Flight Plan Reviewby [email protected] (dnb AT dca DOT net)
September 26th, 2005
A film review by David N. Butterworth
Copyright 2005 David N. Butterworth
**1/2 (out of ****)
So who, would you say, is the toughest action figure in the movies nowadays?
Ah-nuld "I'll be back" Schwarzenegger? Well, what's he done lately (other than govern California)? OK, what about Tom Cruise? Nah- -he could barely tough out his marriage to Nicole. Maybe "The Punisher"'s Tom Jane then? Er, isn't Jane a girl's name?
Nope. All of these guesses are wrong. The correct answer is... Jodie Foster!
After 2002's "Panic Room," in which her character strove to keep herself and her daughter safe from a trio of burglars who had infiltrated their New York brownstone, Ms. Foster returns with another impassioned, charismatic performance as Kyle Pratt, a recently widowed mother who strives to locate her missing six-year-old aboard a transatlantic flight from Berlin to New York.
Ms. Pratt tackles a multitude of obstacles in "Flightplan"--the recent death of her husband (did he fall from a rooftop or was he pushed?), an emotionally fragile young daughter, innumerable flight delays and cancellations (not to mention that infamous yet now rapidly dwindling airline food). Plus obnoxious kids in the row ahead and a sarky air marshal seated behind, obstructionist flight attendants, insensitive co-passengers, and possibly even Mid-East coach class terrorists once it is revealed that her daughter is missing. (Jet- propulsion engineer Mom falls asleep and when she awakens three hours later Julia (Marlene Lawston) is nowhere to be found. Kyle immediately demands the crew search the plane from top to bottom but not one person aboard remembers seeing Julia embark, and the passenger manifold clearly indicates that the seat next to Kyle's was empty.)
As the film progresses, Kyle's mental health is called into question. Was her daughter ever on the plane to begin with or is there, as she believes, some desperate conspiracy afoot?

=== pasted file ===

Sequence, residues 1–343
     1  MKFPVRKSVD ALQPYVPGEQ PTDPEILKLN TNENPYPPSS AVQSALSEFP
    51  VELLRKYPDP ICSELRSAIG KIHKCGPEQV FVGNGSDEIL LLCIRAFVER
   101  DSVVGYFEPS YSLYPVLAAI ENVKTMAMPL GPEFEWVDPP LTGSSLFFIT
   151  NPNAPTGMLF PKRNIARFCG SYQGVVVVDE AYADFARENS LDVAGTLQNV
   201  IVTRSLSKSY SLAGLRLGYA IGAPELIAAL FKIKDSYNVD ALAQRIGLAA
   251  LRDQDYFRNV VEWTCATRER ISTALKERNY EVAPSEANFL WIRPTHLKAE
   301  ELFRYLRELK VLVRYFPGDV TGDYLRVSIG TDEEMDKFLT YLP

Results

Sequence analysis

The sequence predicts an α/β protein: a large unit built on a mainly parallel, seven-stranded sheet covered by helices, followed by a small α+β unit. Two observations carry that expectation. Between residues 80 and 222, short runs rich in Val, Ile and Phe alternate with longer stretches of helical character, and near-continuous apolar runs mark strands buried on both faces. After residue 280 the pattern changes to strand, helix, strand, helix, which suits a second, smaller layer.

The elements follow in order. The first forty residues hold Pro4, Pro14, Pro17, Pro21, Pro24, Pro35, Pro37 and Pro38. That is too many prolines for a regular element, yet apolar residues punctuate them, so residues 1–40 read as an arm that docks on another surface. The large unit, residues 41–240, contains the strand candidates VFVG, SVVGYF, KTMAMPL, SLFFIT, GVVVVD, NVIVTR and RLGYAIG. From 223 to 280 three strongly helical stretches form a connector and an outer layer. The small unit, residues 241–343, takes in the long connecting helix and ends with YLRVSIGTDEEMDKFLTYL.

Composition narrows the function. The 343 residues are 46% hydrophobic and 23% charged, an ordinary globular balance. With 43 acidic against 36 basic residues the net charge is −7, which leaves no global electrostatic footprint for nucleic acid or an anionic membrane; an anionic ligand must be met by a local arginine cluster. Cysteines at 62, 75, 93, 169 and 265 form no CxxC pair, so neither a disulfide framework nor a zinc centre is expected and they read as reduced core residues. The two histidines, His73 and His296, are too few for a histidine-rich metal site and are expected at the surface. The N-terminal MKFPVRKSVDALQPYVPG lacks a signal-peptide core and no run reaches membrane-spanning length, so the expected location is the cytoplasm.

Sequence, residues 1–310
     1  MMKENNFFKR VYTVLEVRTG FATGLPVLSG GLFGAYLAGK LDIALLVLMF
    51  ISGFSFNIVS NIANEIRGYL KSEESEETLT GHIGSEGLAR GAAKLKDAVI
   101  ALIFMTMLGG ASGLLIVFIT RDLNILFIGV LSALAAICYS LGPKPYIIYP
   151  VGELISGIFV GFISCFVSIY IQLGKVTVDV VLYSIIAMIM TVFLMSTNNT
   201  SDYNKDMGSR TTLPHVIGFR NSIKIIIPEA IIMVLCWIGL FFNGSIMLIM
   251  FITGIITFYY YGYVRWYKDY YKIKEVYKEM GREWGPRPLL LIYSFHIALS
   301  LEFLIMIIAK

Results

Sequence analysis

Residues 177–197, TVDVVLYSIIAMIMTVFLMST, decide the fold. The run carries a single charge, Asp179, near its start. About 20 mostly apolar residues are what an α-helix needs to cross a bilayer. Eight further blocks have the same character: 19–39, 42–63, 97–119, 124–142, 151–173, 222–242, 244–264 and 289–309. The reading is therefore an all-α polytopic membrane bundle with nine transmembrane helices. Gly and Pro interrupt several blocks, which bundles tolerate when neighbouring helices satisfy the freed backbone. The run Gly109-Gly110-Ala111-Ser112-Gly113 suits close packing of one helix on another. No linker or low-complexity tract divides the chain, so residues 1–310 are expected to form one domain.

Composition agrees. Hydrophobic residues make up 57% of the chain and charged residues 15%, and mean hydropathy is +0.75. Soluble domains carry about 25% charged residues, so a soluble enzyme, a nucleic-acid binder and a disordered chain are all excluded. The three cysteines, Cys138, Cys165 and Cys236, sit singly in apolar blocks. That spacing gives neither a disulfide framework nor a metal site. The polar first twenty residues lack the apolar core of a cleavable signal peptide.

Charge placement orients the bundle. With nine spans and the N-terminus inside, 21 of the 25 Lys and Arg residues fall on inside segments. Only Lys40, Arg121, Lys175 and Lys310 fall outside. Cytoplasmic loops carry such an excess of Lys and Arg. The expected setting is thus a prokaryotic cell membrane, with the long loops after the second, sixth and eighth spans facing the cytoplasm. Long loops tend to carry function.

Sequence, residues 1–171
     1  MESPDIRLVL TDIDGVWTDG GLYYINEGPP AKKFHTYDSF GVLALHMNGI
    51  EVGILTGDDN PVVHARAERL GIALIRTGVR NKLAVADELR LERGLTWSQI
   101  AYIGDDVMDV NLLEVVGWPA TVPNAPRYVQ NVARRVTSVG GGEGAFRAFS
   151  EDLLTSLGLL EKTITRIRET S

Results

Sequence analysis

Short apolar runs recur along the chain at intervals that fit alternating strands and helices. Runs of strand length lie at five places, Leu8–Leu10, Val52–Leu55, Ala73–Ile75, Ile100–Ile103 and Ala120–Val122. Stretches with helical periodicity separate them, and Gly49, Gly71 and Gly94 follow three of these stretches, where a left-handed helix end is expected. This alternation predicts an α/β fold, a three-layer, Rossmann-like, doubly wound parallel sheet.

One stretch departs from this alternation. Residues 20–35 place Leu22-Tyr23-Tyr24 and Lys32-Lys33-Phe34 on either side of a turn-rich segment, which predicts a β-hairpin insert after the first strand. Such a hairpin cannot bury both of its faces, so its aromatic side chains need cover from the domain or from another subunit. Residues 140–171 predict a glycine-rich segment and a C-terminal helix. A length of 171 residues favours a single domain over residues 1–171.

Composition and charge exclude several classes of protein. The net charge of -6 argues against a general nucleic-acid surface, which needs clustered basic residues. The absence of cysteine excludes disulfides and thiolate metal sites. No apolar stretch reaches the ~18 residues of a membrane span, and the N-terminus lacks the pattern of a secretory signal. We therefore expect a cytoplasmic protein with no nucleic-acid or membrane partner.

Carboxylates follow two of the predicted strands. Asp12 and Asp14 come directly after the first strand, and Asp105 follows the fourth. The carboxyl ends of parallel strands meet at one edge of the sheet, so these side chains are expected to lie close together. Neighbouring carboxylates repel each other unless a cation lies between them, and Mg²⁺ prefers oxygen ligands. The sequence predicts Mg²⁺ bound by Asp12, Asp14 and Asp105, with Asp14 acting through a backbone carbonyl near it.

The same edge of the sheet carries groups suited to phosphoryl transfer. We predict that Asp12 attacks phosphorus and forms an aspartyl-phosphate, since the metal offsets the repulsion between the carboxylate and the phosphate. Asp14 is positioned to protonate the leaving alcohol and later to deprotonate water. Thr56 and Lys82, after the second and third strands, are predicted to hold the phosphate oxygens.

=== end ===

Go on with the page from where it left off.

"Flightplan" is a well-made thriller that's kept airborne by Foster's resilient performance in the lead. She brings a mature toughness to the role that puts Mssrs. Schwarzenegger, Cruise, and Jane to shame. Sure her wide, impenetrable eyes overflow from time to time but she never once gives up, never cracks, believing 100% that her daughter has been kidnapped (or worse) and that she'll do everything in her power--and then some--to find her. Foster is *the* reason to see "Flightplan"; she lends the film both a consummate strength and vulnerability.
Compared to the recent "Red Eye," however, Robert Schwentke's film isn't quite as effective (and certainly not the "Die Hard" at 37,000 feet it might have been). That's partly because there's (understandably) little if any humor sprinkled throughout the film, and audiences need that, especially when subjected to such an intense, claustrophobic experience as this. But it's also partly because of the film's unconvincing (as played) villain. "Die Hard" had an excellent bad guy in Alan Rickman's Hans Gruber. And "Red Eye"'s Cillian Murphy was the ultimate in-flight creep. "Flightplan" performs less well in this department... but that's all I'm willing to say on the matter.
Nevertheless if you enjoy powerful performances I'd still recommend the film since we don't see nearly enough women ignoring the "fasten seatbelts" sign and pounding on the door of the flight deck demanding to see the captain these days.
David N. Butterworth
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